Trailblazer: Rachael Moran, Co-Chair of the NAWIC Yorkshire

The construction industry needs a greater representation of women, so we spoke to Rachael Moran to gain a better understanding of how this can be achieved

Construction had a presence in my family, with my dad working in scaffolding and my grandad being an electrician, but despite this, I never saw myself working alongside them due to the lack of visible females in the sector.

When applying for trainee Quantity Surveyor roles, I was told ‘no’ so many times that I knew I had to find a different route into the role. Changing my tactic, I started working in construction sales, hoping that someone would see my potential – and I was right! 

Now, I’m a full-time Quantity Surveyor and work with The National Association of Women in Construction (NAWIC) to promote the positive aspects of the construction industry, while celebrating women’s achievements.

I love the construction industry – people are friendly and personable. I enjoyed the mix of being in the office and working on-site, and it’s a sector that offers huge potential for women.

That being said, I have faced a lot of adversity during my 12-year-career. I have been laughed at and belittled by male colleagues, talked over in meetings I was Chairing, told to stick to what I knew (which was apparently making the coffees) and told to leave meetings when discussing money. The biggest obstacle I have faced without question, though, was being told I wasn’t good enough over and over again.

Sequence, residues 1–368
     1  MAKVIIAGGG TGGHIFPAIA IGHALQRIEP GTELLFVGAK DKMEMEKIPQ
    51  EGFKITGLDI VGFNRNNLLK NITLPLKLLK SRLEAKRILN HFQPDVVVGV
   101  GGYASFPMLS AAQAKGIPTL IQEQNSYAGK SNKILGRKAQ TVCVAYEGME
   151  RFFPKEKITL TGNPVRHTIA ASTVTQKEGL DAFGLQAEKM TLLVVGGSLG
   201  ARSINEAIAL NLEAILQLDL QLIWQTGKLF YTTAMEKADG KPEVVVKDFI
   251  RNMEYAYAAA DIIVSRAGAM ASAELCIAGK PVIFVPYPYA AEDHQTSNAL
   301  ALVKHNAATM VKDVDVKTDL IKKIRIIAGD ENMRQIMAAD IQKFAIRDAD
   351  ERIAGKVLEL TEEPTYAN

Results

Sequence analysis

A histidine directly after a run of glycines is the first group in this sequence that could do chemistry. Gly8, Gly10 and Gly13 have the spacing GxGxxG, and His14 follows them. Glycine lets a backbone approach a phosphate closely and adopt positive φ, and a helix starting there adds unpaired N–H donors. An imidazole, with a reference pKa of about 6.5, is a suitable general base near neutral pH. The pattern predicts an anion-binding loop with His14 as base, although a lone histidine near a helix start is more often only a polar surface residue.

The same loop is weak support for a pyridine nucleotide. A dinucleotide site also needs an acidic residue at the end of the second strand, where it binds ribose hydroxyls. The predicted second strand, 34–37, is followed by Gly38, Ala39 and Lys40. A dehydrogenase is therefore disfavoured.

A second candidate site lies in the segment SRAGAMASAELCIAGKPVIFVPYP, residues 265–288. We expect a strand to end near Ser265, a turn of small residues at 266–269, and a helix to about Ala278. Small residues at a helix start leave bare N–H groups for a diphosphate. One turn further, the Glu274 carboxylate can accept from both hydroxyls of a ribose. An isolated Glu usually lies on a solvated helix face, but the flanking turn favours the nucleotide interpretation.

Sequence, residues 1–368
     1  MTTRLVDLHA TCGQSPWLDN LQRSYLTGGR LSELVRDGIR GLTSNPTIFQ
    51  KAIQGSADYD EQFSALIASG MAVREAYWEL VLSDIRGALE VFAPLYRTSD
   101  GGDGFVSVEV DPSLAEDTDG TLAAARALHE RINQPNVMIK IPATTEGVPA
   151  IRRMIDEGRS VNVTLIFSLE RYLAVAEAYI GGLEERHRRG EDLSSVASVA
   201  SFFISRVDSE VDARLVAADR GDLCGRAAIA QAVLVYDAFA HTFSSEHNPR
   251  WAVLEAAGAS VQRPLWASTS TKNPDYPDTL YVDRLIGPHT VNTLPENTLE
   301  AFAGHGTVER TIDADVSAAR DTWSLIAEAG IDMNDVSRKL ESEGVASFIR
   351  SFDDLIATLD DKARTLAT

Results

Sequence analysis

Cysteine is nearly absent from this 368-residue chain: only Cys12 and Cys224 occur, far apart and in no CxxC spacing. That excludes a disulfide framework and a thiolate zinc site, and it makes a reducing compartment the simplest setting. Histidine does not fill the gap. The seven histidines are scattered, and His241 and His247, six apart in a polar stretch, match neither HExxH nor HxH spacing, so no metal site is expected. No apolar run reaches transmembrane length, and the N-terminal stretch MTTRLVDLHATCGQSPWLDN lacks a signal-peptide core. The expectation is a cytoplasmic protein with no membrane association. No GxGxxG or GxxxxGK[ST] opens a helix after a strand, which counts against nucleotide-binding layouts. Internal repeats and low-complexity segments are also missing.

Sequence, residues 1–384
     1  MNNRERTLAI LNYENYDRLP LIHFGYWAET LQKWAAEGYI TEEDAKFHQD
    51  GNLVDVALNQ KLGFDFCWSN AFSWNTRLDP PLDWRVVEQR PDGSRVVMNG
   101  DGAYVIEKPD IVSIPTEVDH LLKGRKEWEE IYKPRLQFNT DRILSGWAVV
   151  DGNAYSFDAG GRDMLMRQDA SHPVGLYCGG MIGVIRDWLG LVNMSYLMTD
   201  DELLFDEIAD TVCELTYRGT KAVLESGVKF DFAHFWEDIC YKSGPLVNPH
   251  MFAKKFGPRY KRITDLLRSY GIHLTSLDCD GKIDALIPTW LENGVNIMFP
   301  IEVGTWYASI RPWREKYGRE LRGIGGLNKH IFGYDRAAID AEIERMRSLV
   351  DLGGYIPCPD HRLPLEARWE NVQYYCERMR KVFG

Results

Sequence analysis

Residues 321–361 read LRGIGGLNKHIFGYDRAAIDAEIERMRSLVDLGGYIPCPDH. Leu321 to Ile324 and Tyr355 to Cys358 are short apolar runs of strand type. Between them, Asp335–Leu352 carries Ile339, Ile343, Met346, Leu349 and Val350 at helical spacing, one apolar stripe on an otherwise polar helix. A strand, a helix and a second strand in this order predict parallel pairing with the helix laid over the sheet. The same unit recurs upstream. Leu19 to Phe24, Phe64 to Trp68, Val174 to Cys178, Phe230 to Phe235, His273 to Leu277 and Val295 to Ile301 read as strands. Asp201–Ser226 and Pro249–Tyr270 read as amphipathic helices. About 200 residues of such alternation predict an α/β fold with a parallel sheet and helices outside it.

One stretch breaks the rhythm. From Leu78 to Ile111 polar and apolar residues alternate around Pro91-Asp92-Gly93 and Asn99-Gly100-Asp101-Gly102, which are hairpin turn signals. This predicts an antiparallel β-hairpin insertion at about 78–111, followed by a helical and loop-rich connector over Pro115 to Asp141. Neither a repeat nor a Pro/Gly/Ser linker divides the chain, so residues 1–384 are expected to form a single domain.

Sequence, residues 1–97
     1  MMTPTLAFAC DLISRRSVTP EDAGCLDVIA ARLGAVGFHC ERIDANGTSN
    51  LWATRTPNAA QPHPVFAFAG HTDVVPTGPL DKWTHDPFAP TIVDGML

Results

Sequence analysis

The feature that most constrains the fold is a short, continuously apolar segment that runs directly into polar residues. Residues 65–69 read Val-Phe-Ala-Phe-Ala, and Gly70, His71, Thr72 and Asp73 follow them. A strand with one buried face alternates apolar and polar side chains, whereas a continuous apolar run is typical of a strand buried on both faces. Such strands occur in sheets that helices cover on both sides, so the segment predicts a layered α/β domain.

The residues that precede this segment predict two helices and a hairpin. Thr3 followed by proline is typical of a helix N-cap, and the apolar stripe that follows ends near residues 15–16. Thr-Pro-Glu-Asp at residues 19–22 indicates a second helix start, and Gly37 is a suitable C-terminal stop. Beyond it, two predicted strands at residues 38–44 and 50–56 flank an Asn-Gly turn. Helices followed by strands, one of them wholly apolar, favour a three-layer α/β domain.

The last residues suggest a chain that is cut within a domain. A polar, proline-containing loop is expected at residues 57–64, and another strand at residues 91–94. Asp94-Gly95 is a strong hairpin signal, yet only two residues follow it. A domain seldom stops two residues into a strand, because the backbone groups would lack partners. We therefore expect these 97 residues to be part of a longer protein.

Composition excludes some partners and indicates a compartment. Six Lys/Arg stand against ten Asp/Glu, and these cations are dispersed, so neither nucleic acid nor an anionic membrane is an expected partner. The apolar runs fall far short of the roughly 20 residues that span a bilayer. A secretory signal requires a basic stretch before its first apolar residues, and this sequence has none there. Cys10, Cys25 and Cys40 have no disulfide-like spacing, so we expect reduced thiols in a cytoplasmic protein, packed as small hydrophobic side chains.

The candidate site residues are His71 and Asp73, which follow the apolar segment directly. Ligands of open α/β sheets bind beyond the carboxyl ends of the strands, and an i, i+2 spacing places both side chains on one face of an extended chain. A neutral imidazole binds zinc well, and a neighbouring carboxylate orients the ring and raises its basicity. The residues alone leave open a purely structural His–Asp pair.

From my research, one of the key issues concerning women joining male-dominated industries is that they are seen as intimidating environments – and understandably so. The key to changing this stereotype would be to ensure male colleagues understand what equality means and to create an inclusive work environment for everyone to feel comfortable.

To other women hoping to join the industry, l would give three pieces of advice. Firstly, never let anybody tell you what you are capable of – focus on your abilities and nothing else. Secondly, use every experience – both positive and negative – as a learning experience. And, finally, if you are the only woman present, be confident and show them exactly why you deserve to be there.

I have been told repeatedly throughout my career by men that I couldn’t do what they do, and I proved them all wrong every time. That fire and drive has stuck with me to this day, and I will carry that into my future.


Words: Rachael Moran

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